September 28, 2020 3:56:15 am
Scaly breasted munias, rose ringed parakeets, red-vented bulbuls, spotted owls, rock/feral pigeons and rare species such as the Indian grey hornbill that flap through the Pune sky are now being documented in a first-of-its-kind project in Maharashtra called Pune Bird Atlas (PBA).
“Pune is one of the global biodiversity hotspots and a UNESCO World Heritage Region. The city is also continuously changing. If you look at old photographs, you will see that the hills were grasslands but, now, have mostly become jungles. We need to see if, with this changing habitat, there are species that are altering their preferences and behaviour in the Indian city area. What has been the impact on breeding now that several parks have come up where some of the species have started roosting? We are trying to address the question of which species occur in Pune and in which areas,” said Siddharth Biniwale, who is a naturalist and a core member of PBA with Pankaj Koparde, Kedar Chaphekar, Pooja Pawar and Madhur Rathi.
The data is uploaded in e-bird, a project of Cornell University’s Lab of Ornithology, which is being hosted in India by Bird Count India, under whose aegis PBA operates. The data is intended to help scientists explore a broader picture of the environment and local migratory patterns, among others. “In 1998-2000, the city’s biodiversity was surveyed and monitored, including birds. It is after 20 years that another big initiative is taking place. There are birding hotspots such as the tekdis and Pashan lake as well as the Mulla Mutha. These areas have developed a lot of data over the last 10-20 years but there are huge gaps in between. We would like to have continuous data available for every ward of the city. This will be a database that will be used as a reference point for any conservation activity related to biodiversity,” says Sanjeev Nalavade, retired professor and former HOD of the Geography department of Fergusson College and a birder of 40 years’ experience.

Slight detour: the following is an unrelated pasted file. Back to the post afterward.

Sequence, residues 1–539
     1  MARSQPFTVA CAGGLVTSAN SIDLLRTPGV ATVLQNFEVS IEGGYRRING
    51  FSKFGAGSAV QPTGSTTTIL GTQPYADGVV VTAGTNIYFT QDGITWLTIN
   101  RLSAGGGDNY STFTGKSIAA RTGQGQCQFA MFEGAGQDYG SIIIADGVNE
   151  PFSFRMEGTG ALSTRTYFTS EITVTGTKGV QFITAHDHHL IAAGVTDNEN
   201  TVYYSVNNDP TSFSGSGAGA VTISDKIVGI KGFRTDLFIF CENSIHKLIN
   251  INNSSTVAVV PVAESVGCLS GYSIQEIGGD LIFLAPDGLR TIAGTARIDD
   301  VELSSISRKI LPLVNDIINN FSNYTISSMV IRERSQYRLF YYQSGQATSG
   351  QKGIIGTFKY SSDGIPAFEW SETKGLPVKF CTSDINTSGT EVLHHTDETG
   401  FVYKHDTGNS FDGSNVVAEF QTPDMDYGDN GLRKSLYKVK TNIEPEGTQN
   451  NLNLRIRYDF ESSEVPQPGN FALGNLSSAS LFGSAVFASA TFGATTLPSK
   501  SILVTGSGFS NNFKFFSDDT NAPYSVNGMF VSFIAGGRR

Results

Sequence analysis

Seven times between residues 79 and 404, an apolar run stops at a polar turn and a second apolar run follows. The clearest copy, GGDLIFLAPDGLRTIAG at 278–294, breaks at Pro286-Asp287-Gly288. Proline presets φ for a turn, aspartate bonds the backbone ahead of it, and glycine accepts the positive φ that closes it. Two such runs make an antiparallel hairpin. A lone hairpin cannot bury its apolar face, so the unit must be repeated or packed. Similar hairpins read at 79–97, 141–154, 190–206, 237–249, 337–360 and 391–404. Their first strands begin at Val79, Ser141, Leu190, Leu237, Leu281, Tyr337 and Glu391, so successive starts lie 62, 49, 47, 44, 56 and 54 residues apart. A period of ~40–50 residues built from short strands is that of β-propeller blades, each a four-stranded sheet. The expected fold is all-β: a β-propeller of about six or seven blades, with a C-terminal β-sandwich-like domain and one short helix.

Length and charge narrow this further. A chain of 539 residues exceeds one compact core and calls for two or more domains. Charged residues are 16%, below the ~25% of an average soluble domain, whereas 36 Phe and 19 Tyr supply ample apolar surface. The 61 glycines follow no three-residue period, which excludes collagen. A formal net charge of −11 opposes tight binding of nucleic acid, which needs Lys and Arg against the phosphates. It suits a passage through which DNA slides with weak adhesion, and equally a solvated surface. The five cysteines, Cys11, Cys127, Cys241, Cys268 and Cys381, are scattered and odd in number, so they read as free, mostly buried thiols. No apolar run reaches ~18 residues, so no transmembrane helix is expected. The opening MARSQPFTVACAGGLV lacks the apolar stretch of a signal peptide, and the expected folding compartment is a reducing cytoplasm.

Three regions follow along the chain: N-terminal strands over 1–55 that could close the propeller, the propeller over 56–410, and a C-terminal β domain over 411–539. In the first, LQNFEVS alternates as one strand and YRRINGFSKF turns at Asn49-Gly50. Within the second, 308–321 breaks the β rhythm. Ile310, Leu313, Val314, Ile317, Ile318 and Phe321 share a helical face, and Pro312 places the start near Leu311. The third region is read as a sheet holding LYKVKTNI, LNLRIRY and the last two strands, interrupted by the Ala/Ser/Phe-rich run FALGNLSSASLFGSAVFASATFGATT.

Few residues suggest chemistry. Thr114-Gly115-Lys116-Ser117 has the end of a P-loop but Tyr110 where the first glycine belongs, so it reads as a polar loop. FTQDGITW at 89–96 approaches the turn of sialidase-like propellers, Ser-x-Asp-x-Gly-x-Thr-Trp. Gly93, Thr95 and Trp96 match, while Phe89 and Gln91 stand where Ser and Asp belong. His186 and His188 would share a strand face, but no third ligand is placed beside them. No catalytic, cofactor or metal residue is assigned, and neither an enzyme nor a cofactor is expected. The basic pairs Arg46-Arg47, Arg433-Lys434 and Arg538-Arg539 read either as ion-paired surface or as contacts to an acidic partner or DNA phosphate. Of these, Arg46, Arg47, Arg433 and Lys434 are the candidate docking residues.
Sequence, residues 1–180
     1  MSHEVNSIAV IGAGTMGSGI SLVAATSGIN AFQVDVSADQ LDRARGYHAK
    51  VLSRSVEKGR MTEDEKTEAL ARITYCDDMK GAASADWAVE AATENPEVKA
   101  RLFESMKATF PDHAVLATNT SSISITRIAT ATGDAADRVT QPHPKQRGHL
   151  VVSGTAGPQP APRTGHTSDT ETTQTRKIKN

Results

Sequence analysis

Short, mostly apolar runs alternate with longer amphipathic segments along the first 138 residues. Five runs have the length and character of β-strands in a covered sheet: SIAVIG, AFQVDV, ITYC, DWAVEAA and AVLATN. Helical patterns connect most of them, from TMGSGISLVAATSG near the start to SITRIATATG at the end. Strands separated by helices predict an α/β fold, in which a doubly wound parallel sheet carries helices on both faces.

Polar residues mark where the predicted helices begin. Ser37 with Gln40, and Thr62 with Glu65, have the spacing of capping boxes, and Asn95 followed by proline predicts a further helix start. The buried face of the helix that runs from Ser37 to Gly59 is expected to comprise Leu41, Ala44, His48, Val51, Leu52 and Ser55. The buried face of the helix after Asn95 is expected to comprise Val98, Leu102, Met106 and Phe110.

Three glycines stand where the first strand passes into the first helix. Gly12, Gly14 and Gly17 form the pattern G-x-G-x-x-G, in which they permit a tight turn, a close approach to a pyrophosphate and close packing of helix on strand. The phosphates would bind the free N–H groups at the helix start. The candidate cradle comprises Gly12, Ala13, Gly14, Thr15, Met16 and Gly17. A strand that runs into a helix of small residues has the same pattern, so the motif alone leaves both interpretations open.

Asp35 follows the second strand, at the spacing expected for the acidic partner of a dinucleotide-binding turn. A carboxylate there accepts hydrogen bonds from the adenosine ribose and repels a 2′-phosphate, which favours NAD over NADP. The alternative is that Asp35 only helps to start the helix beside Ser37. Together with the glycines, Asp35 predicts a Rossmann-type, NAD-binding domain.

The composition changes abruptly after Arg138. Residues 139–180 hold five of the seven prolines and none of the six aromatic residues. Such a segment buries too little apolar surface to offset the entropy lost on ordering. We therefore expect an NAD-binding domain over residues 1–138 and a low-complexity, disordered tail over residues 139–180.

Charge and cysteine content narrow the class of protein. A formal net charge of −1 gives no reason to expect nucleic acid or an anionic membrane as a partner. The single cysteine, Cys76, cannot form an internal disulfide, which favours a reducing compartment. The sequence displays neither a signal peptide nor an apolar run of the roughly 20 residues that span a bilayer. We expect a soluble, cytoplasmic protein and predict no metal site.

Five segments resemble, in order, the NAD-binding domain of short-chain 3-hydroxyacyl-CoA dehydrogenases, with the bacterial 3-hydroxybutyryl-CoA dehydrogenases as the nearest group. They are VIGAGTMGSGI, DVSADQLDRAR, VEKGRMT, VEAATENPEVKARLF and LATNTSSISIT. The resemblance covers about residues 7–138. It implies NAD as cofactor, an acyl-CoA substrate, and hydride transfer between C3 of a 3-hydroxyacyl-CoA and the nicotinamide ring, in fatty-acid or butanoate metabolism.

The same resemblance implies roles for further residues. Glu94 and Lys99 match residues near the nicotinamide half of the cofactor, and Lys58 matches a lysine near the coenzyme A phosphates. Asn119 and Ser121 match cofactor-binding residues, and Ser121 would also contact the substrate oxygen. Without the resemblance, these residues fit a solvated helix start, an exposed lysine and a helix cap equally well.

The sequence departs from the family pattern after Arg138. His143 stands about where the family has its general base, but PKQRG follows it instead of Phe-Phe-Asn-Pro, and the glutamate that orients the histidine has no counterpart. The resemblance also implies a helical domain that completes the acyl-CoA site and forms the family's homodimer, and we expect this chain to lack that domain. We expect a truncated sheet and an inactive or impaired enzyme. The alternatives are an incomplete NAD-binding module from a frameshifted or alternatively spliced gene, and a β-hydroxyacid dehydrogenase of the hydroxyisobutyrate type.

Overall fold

The idea for PBA was pitched in January 2020 and data collection started in February. By March, when spring was in the air, the city was crowded as winter migrants such as the clamorous reed warbler had not left but the summer visitors such as the chestnut tailed starling had started arriving. Barbets were being loud and breeding and, as a surprise, volunteers heard the common hawk cuckoo, which is a resident bird but more vocal during monsoon. Participants studied rivers, drains, streams and sewage drainage as well as quarries on Vetal tekdi, which are haunts of the white throated kingfisher and other birds. “We were at our peak data collection when the pandemic was announced and we had to shut down,” says Biniwale. They recorded almost 170 species. “We will continue PBA for three years or more so we can analyse the data accurately,” says Biniwale.
PBA is a citizen science initiative and has more than 100 volunteers, from children to senior citizens. According to protocol, the Pune Municipal Corporation area was laid on Google Map and divided into grids of 2.2 sq km, each of which was further divided into 1.1 x 1.1 sq km sub-grids that were sampling units. Active and experienced birders were allowed areas where they live and, as coordinators, worked with a couple of volunteers per team. Nalavade is in charge of a dozen wards from Western Pune, and oversees birders and guides them.
“Some core members, such as myself, kept rotating just to help everyone collect data more scientifically correct and according to protocol,” says Biniwale. People walked around the grid for 15 minutes and went through a checklist, which is a list of birds with numbers, species as well as canopy cover, which varies from Hanuman hill and Vetal Tekdi to Swargate. They also look at efforts by citizens who put up feeders and bird baths because these attract birds in dry season and bird count rises.
Ranjana Gosavi, a software engineer and avid birder, says, “My area has a lot of diverse trees and it is an old society so I see a lot of birds.
There was a day when I identified 28 species in a one km round.”
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